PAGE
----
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Unformatted text preview: ere as much of a social
nuisance as the female kabuki performers since they aroused the homosexual passions that had been widespread in Japan (particularly among
samurai and Buddhist priests) from the medieval age on. Finally, in 1652,
after a number of unseemly incidents including public brawls in the
midst of performances over the affections of the actors on stage, the shogunate also banned young men’s kabuki. Henceforth, only adult males (or
youths who had shaved their forelocks to give the appearance that they
were adults) were allowed to perform on the kabuki stage.
Throughout the Tokugawa period, kabuki was subjected to a greater
or lesser degree of official suppression, and this suppression had an extremely important influence on the way in which it developed. Shogunate officials hesitated to ban kabuki entirely for at least two reasons.
First, they regarded kabuki, like the floating world of which it became an
integral part, as a necessary outlet for the more elemental drives of the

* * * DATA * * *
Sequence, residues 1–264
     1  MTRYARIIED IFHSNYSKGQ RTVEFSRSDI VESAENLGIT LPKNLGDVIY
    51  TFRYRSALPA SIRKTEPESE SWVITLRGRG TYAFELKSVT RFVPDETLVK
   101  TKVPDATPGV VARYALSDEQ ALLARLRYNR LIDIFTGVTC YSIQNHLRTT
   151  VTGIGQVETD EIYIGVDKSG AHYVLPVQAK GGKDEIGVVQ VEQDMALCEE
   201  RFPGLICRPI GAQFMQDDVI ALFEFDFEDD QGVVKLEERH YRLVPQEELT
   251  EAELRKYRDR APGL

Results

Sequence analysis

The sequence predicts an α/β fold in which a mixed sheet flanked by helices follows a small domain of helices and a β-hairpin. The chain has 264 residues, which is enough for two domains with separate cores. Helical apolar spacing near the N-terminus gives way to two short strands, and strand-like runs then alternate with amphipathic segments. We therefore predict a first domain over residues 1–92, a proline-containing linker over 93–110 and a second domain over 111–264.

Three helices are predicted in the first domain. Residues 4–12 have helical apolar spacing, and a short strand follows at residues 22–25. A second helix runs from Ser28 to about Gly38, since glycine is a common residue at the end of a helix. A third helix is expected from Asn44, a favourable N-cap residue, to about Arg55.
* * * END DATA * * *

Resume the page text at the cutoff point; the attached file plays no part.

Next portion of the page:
masses, even though these grossly offended their Confucian sensibilities. 188 The Flourishing of a Bourgeois Culture And second, they no doubt realized that, like prostitution itself (both
male and female), it could never be completely eradicated and might
just as well be held to some kind of formal account.
The banning of women from kabuki gave rise to the unique personage of the onnagata, or male performer of female roles. So special are the
acting qualities cultivated over the centuries by the onnagata that, even if
women were permitted to perform in kabuki today, they would have
little or no advantage over men in learning the onnagata art.
One of the reasons why young men’s kabuki was not prohibited until
as late as 1652 was that the third Tokugawa shogun, Iemitsu (1604–51),
had a great fondness for the youthful actors. In finally taking the step
after his death, shogunate authorities made clear that, although they
could hardly hope to convert the kabuki actors and their patrons into
puritans, they intended to restrict the extreme promiscuity that had been
so blatantly apparent on the kabuki stage. At the same time that they
banished young men from the...
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This note was uploaded on 02/08/2013 for the course ANTH 142 taught by Professor Hans during the Spring '13 term at The University of British Columbia.
- Spring '13